In this lab you will really feel like a part of the team. All the lab members are very friendly, open-minded and approachable people that will not hesitate to give you advice. Almost every day we would either go for lunch, have a cup of coffee or just meet up after work. Overall, I was very excited to go to work every day. Thanks to this, I also gained an insight into what it would be like to be a PhD student in this lab (great!).
As you probably read in some of the other articles, Lausanne is one of the most breath-taking places to be. As soon as you arrive, you will notice sky-high mountains at the other side of the lake. Some say that you will get used to this sight – I never did. A few of my favourite activities were swimming and paddle boarding in the lake, or just reading a book on the banks. The city is full of small bakeries, shops and interesting museums. I also loved the time I spent with my fellow interns from the program, I could not have hoped for a better bunch. Finally, my tips for trips would definitely be Lauterbrunnen (The valley of 72 waterfalls) and Lavaux (Vineyard Terraces).
I am very grateful that I got to be a part of the Research Internships Program and LPHE in particular. It has been one of the most insightful and exciting experiences of my life and I would recommend it to anyone!
My stay in Switzerland this summer was truly unforgettable, especially after a year of remote learning and travel restrictions. I worked with Professor Athanasios Nenes in the Laboratory of Atmospheric Processes and their Impacts (LAPI), and my project focused on how aerosol acidity and macronutrient deposition affect plant growth and ecosystem health. Throughout my internship, I conducted hands-on fieldwork (at a remote forest site on the shore of Lake Geneva, close to Lausanne) and learned how to extract samples of inorganic atmospheric compounds and analyze their composition using ion chromatography back in the lab. I then used a thermodynamic model to predict variations in aerosol pH and regional gas-particle partitioning. I am especially glad I was able to get a taste of atmospheric chemistry modeling and connect that to my experimental work from earlier in the summer.
I am also grateful for the guidance of the PhD students and postdocs at LAPI for welcoming me so warmly into the group. Collaborating with my postdoc mentors was an invaluable learning experience, as they patiently taught me how to handle both hands-on laboratory techniques as well as chemical software programs. Although I certainly built up my science and engineering knowledge in our research group meetings, I also learned so much about the different career pathways and life aspirations of my group members during our lunch breaks, apéro conversations, and hiking trips. I have been inspired by their advice and stories, and I hope to pursue similar international collaboration opportunities in my future studies.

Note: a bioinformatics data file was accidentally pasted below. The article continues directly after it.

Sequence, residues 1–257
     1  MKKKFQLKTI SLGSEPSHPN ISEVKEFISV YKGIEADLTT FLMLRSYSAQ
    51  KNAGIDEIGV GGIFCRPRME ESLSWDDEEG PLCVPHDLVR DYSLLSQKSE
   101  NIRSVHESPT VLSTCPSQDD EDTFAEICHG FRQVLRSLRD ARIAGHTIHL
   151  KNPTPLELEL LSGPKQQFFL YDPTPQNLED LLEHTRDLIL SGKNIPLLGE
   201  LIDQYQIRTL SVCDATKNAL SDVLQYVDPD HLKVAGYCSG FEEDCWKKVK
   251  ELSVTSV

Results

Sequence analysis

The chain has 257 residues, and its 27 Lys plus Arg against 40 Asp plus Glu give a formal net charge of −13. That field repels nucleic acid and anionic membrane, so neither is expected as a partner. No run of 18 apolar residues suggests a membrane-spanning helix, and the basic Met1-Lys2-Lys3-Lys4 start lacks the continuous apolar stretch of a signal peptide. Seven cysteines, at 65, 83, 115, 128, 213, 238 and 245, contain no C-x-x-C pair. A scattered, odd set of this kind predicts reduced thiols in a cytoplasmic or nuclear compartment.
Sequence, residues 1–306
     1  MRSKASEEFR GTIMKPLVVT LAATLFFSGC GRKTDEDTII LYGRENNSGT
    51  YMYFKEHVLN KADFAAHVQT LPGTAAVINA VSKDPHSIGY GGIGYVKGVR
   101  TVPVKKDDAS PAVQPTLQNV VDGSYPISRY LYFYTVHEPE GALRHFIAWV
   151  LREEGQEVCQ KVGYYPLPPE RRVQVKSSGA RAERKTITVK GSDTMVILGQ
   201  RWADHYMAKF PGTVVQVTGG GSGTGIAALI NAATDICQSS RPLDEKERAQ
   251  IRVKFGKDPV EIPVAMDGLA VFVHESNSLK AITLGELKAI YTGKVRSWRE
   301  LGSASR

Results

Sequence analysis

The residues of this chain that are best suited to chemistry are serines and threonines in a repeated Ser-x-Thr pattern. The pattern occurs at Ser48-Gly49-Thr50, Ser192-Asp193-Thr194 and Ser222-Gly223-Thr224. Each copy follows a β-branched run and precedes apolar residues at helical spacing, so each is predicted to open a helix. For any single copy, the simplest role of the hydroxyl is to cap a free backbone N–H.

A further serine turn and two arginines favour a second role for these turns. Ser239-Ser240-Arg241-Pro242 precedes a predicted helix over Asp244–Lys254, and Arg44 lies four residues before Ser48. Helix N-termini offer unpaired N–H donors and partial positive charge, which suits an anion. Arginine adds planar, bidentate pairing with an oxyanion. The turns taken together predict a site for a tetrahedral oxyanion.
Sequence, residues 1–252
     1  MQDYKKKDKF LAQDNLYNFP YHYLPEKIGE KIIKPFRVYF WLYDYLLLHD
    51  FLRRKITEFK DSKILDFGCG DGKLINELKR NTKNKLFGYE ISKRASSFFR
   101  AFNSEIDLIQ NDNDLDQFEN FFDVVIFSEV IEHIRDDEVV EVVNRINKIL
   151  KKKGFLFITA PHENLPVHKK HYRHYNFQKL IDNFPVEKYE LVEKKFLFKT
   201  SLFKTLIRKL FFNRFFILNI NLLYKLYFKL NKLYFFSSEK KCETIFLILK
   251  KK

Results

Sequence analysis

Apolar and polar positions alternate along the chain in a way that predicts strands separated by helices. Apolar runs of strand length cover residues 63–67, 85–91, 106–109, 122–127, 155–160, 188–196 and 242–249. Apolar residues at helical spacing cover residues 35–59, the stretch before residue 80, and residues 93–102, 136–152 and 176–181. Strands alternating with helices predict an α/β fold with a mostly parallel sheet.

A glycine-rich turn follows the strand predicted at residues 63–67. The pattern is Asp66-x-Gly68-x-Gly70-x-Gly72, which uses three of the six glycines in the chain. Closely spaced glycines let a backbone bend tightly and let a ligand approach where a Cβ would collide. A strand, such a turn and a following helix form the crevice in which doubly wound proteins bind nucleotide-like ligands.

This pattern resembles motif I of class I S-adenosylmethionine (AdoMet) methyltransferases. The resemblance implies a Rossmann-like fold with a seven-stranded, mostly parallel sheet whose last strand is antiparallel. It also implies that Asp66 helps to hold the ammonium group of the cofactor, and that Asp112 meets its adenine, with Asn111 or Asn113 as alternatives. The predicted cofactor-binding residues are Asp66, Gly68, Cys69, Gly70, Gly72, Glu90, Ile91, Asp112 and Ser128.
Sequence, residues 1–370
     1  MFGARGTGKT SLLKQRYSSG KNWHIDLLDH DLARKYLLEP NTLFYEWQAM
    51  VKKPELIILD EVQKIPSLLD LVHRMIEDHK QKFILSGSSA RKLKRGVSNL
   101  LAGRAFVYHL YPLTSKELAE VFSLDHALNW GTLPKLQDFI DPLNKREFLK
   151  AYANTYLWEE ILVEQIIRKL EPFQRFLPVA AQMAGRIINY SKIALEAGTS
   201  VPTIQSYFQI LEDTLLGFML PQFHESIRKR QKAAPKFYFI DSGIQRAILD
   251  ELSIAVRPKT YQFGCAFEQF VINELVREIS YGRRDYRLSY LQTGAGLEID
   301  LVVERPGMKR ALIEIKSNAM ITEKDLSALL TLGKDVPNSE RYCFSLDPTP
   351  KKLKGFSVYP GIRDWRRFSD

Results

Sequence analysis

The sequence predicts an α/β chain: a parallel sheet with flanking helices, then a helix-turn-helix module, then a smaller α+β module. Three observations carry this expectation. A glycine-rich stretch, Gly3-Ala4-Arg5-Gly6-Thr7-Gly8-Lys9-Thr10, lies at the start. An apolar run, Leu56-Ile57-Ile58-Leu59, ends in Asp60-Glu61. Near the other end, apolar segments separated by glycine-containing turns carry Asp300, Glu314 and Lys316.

And of course, Switzerland is a lovely place to explore. I still sometimes cannot wrap my head around the fact that I was able to so easily hop on a train to a different city or hiking destination during my weekends and experience such beautiful sights. From chocolate and cheese-tasting in the town of Gruyères to hiking in the mountains of Villars to frequenting the many bakeries in the heart of Lausanne, there was always an adventure to go on.
In all, I am thankful to have been a part of the Research Internship Program at EPFL and to have met so many wonderful people while living the spontaneous, vibrant Swiss life. It has been a pleasure!
Megan He, Yale University
Laboratory of Atmospheric Processes and their Impacts (LAPI), EPFL
Hey reader! If you are here I imagine you are either thinking about doing a summer internship at EPFL, or have done one and want to make sure that your blog post is still the best one (else, what are you doing here?). For the first category: to avoid wasting your time, I will immediately tell you that my internship was in Geneva – and not in Lausanne – because this is where the Laboratory of Neuroengineering (LNE) is.
The Laboratory of Neuroengineering (LNE)
At LNE, I worked on the processing and analysis of cortical recordings obtained while testing state-of-the-art visual prostheses, under the supervision of Prof. Diego Ghezzi. In short, I was on Matlab most of my time. Disclaimer: this doesn’t mean that that’s what you would do if you were there, the lab members form a very multidisciplinary team, including material scientists, computer scientists bioengineers and so on – and they do amazing work (check them out at here). One strong aspect of this lab was definitely the team. They are accessible, friendly and open to help and answer questions. I actually wanted to go to work each morning – and I did 95% of the time, even if we could work remotely! I also had the opportunity to present my work twice, once to the lab, and once to the entire Research Internship Program cohort. If you get the opportunity to do this, seize it, it will not only help you understand your work better but will also enhance transferrable skills. Highly gratifying.